Issue: Can a personal be liable for someone committing suicide with that person’s firearm, where the person is aware of mental illness and shows him or her where the firearm is located?
Facts: Decedent was in a rocky relationship the Defendant, and also had a history of mental issues including a suicide attempt. Defendant had a gun in his house and at one time showed it to Decedent. Decedent used the firearm to commit suicide. Decedent’s estate sued Defendant for negligence. The trial court granted summary judgment in favor of the defendant, determining that he owed no duty of care to the decedent and that her suicide was an independent, intervening cause that broke the chain of causation.
Appellate Decision: The intermediate court reversed, holding in favor of Decedent. The court reviewed details from the record supporting a conclusion that it was “reasonably foreseeable” Decedent might harm herself with Defendant’s firearm, that showing her the location of the weapon created an unreasonable risk of harm, and that “the degree of foreseeability of the risk and the gravity of the harm outweighed the burden” of an alternative course of action.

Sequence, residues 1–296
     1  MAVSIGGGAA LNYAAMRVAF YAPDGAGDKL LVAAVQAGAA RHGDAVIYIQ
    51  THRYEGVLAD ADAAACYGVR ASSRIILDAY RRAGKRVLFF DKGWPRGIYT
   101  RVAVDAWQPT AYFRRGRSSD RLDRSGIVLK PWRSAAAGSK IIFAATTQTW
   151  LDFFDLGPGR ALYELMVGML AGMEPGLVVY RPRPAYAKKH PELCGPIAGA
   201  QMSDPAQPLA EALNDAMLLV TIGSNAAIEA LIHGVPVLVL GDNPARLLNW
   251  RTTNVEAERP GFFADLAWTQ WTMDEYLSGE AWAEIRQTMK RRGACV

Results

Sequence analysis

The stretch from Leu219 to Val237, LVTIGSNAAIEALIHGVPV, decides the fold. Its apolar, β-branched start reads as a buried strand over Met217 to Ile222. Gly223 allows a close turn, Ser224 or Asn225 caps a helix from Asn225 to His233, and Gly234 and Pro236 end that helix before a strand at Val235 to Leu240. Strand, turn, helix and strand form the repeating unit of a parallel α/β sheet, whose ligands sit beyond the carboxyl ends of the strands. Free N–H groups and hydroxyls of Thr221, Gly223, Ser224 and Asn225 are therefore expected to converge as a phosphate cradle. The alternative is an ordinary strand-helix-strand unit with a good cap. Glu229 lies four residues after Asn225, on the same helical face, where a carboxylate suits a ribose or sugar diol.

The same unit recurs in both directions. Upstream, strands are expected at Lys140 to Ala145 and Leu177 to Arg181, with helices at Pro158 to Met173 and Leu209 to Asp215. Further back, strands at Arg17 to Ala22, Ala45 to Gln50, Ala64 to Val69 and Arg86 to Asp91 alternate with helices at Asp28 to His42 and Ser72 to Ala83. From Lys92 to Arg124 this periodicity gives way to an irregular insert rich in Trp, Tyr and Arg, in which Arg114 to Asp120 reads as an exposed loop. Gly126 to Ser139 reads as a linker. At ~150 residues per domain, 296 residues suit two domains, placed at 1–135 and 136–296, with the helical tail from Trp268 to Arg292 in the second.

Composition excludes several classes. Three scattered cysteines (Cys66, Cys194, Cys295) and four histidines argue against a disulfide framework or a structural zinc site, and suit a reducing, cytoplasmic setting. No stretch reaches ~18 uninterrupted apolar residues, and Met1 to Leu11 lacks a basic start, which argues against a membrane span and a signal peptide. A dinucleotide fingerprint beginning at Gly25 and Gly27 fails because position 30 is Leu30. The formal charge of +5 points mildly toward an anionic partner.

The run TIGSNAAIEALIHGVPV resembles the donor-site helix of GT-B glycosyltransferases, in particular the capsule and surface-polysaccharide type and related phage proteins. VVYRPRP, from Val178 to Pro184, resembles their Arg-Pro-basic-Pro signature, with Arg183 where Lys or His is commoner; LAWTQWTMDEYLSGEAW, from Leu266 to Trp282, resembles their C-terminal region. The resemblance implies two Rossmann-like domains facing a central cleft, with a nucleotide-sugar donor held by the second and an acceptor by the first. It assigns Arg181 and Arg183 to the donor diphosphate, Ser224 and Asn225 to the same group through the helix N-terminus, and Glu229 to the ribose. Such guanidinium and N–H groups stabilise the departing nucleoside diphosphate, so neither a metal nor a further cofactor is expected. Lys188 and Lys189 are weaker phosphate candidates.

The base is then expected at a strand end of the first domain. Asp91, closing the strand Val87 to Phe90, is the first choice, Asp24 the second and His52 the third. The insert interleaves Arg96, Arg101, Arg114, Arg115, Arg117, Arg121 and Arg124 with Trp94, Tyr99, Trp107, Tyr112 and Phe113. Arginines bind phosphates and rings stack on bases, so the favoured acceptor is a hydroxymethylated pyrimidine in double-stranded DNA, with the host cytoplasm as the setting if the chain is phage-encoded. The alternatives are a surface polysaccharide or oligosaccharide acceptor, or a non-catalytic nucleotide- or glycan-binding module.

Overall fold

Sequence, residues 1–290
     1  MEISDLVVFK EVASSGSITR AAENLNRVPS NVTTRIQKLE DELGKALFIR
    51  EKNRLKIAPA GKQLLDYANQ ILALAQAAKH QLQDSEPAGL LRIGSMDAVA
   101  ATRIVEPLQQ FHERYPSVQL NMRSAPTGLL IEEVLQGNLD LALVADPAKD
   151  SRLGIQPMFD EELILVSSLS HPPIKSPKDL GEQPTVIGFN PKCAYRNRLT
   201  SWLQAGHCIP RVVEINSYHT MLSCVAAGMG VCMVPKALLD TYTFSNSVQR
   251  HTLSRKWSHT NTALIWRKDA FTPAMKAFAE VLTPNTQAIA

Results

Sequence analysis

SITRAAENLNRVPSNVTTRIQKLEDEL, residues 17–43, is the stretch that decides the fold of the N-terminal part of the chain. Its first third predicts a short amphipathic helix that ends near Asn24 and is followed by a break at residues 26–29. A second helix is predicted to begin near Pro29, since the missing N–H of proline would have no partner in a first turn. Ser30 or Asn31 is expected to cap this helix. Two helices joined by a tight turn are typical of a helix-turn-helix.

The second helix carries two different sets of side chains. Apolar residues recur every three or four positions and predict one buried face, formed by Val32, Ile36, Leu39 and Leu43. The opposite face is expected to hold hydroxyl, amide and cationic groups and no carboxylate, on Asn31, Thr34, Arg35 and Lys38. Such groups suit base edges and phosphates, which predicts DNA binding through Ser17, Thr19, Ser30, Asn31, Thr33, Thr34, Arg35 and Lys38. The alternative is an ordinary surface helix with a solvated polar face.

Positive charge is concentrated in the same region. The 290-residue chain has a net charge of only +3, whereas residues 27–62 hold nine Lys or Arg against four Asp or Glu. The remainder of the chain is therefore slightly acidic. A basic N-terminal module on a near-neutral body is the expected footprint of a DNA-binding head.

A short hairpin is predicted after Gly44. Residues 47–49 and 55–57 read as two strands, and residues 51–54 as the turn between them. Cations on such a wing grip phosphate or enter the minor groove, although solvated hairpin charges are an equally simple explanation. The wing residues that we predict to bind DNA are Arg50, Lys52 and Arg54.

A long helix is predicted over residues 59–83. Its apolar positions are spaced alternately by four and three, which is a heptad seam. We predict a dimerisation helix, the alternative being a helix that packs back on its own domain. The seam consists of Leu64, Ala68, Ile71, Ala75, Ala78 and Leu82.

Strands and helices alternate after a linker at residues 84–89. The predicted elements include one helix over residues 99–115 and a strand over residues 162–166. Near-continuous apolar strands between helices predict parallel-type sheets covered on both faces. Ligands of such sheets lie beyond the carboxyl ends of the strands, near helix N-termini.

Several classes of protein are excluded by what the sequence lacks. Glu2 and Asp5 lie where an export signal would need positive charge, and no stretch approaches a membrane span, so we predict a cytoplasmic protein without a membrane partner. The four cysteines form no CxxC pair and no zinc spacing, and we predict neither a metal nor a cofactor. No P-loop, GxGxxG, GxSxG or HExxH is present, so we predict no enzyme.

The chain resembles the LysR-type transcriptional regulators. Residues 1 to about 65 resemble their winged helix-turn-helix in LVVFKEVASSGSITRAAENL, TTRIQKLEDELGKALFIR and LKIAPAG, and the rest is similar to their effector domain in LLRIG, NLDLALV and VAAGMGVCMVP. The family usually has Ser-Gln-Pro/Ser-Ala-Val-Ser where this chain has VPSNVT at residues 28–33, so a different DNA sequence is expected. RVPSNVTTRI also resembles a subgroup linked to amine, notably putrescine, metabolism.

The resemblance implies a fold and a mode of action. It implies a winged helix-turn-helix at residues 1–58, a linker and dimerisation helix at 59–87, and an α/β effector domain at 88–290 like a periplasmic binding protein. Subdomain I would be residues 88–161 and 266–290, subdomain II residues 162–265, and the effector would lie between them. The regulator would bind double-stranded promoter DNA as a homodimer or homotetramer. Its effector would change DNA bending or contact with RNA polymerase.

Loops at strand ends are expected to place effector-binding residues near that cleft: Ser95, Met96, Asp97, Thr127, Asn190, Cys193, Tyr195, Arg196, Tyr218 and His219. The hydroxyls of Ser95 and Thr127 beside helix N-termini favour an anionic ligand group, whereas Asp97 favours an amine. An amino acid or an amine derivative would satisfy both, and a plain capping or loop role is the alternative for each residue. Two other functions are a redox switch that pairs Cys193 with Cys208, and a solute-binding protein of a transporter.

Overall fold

Review Granted: January 18, 2018.
Prediction: Ben thinks the Supreme Court is likely to affirm the denial of summary judgment. Although there appear to be conflicting facts as to whether Defendant could have anticipated the suicide, there are enough facts supporting the Decedent’s position to make this a jury question.